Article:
Jeweller seeks passionate staff

PUBLISHED : Saturday, 24 July, 2010, 12:00am
UPDATED : Saturday, 24 July, 2010, 12:00am

The ability to speak confidently and a focus on customers' needs are qualities that Luk Fook Jewellery looks for in sales candidates.

Group deputy general manager Shirley Wong says Luk Fook is looking to hire 30 to 50 sales executives in anticipation of the opening of new shops in Hong Kong. Sales executives offer professional advice to customers and help them choose jewellery.

'We want people with a passion for the industry,' Wong says, adding that applicants are expected to have passed the Hong Kong Certificate of Education Examination and be equipped with two to three years of sales experience. Prior experience in jewellery retail is not necessary.

The company is also recruiting supervisors who will be involved in store operations. They will manage inventory, provide training to sales executives and assist with management and administrative duties.

Wong says the company welcomes applications from sales professionals with three to five years' experience in jewellery retail and who are well-versed with different types of products, ranging from gold and diamond, to jade and pearls.

Wong says Luk Fook offers systematic training to ensure the quality of customer service. Training opportunities include orientation for new hires, in-house courses on grooming, Putonghua, customer-service skills and product knowledge, and external courses such as enrolment in programmes from the Gemological Institute of America.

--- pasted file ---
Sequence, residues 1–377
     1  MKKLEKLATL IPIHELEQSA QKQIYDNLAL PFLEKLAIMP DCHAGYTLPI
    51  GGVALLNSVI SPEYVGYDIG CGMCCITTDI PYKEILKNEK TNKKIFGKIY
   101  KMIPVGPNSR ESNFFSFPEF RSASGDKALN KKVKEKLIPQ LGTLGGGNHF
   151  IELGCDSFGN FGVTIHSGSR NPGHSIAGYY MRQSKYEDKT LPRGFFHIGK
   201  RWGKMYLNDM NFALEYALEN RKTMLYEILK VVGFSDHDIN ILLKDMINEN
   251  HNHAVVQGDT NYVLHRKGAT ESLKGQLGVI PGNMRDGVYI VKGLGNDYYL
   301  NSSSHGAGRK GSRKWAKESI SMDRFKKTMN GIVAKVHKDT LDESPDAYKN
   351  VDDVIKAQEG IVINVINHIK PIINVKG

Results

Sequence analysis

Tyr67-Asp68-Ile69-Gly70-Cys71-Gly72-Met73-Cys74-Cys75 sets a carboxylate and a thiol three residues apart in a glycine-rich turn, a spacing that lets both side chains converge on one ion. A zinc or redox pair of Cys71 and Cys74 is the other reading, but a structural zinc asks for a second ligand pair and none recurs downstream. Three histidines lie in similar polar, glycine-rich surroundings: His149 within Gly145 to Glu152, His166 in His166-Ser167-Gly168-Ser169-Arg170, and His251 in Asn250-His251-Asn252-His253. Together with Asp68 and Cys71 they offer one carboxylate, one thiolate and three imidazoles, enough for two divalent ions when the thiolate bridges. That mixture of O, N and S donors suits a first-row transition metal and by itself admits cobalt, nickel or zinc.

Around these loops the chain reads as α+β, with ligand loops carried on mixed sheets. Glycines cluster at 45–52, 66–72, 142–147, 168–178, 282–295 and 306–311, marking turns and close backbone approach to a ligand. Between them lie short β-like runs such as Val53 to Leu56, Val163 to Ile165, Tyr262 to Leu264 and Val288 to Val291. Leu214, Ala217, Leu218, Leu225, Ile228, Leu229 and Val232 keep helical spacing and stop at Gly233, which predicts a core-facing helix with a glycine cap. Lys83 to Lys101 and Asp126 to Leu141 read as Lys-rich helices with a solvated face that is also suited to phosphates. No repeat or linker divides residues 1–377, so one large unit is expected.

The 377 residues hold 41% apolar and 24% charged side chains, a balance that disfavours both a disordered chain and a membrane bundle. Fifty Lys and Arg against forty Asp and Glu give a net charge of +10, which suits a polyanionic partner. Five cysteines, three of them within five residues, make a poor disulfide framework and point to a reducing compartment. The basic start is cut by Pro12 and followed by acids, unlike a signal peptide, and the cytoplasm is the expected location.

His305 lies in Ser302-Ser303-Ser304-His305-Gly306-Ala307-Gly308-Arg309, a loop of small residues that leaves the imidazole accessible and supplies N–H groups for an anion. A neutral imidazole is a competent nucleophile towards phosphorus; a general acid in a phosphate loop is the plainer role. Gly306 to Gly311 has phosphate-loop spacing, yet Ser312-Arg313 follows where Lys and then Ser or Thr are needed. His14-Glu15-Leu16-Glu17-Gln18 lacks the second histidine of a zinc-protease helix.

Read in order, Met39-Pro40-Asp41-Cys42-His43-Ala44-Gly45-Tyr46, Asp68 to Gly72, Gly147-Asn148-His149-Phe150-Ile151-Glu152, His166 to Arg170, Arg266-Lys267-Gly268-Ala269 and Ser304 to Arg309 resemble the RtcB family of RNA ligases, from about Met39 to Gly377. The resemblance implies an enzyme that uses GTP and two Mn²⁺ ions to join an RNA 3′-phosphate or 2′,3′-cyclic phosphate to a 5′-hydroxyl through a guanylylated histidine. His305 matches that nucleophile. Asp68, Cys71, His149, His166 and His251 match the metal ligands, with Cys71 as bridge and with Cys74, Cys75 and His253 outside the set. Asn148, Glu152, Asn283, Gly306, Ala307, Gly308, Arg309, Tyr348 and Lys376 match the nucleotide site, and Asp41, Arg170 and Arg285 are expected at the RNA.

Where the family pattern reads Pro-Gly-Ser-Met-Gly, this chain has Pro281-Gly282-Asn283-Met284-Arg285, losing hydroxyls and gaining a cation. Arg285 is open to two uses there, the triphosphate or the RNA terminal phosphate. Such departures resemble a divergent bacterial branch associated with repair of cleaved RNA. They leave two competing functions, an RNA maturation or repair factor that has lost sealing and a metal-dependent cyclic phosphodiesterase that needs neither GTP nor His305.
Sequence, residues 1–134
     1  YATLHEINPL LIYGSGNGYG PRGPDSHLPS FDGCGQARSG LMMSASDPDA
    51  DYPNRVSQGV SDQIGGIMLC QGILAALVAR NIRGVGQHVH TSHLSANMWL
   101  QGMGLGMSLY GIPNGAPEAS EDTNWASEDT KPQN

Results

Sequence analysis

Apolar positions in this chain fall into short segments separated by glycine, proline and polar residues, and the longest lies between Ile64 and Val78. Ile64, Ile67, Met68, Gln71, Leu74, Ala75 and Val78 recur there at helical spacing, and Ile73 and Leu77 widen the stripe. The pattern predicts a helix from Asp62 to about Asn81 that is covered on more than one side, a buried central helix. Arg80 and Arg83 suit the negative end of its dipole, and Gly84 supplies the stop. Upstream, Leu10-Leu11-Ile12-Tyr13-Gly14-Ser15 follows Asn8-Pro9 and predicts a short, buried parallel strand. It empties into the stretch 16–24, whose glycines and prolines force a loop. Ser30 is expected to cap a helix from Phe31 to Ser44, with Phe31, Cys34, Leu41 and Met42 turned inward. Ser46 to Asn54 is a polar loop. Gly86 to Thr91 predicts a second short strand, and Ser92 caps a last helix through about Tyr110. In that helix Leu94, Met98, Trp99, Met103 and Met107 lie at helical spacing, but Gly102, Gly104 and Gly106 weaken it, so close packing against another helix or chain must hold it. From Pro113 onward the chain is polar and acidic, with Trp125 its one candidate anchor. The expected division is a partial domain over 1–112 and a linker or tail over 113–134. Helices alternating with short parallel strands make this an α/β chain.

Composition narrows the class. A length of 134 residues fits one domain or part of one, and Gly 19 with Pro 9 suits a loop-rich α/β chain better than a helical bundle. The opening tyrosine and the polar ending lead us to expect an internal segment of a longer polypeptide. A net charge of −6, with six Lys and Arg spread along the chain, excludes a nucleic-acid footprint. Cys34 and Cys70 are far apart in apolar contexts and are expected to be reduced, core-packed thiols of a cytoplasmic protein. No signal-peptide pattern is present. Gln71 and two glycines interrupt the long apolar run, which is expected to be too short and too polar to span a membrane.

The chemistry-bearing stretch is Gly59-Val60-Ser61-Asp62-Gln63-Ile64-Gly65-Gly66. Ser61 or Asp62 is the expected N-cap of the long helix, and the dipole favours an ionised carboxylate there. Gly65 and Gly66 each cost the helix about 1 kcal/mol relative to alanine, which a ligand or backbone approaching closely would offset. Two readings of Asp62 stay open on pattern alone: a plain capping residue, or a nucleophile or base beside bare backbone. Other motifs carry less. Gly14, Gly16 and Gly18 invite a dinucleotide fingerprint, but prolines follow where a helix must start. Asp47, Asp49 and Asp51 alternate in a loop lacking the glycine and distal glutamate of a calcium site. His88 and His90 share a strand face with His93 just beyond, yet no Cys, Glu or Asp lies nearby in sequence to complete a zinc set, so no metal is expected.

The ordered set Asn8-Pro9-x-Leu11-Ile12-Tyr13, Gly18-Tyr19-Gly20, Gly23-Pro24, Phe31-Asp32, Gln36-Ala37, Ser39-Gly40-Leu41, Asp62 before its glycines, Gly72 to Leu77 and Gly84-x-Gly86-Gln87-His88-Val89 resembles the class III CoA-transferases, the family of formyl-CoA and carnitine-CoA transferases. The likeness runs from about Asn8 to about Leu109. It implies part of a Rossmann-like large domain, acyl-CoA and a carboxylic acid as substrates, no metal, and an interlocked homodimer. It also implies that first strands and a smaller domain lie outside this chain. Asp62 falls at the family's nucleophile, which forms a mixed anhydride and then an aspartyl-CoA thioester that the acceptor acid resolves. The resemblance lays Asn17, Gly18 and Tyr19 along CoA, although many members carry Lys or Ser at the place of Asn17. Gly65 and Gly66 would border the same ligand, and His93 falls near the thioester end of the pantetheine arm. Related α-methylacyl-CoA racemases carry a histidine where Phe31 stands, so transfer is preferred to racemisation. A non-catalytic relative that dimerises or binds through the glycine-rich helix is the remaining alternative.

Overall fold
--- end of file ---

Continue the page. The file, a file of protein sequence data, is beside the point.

Ricky Yiu, a senior sales supervisor at Luk Fook, says one of his main responsibilities is to create a friendly environment for customers by providing guidance and assistance to sales executives, helping them deliver customer service of the highest quality.

Yiu says it is crucial for salespeople to understand the needs of customers. 'I chat with customers to find out what they want,' he says. 'Sometimes they may be a little quiet, in which case I would break the ice by asking them where they come from, where in Hong Kong they have visited, and may even suggest tourist spots to them.'

Yiu adds that sales professionals in jewellery retail must be kept abreast of the latest knowledge of all products available at the shops.

'Different customers have different needs,' he says. 'For example, mainland customers are keen to buy gold and diamonds, while east Asians, such as Filipinos and Indonesians, prefer pearl items. Customers from Western countries often look for coloured stones with fancy cutting.'

Wong says jewellery retail offers good career prospects, as the development of second and third-tier cities on the mainland has led to a surge of tourists in Hong Kong - a trend that Wong expects to continue. The salary of sales professionals in the industry has been on the rise, she adds.

'Compared with other fields in retail, such as fashion, jewellery retail offers the opportunity for salespeople to work until retirement. As they become more experienced and knowledgeable about various products, they gain more respect,' Wong says.

The career path in jewellery retail typically starts with the position of sales executive, who may be promoted to become a supervisor and then a senior supervisor, before taking on the role of a branch manager. It takes about five years for a sales executive to move on to the position of senior supervisor.

Yiu, who has been in jewellery sales for 13 years, says sales professionals should be persistent as they climb the career ladder.

'It takes time to familiarise oneself with the products. You have to learn new knowledge, work hard and improve customer-service skills all the time.

'There's a lot of room for development in this industry. The sense of satisfaction is immense once you've become a good salesperson, who is able to help customers find a necklace or a ring that they adore.'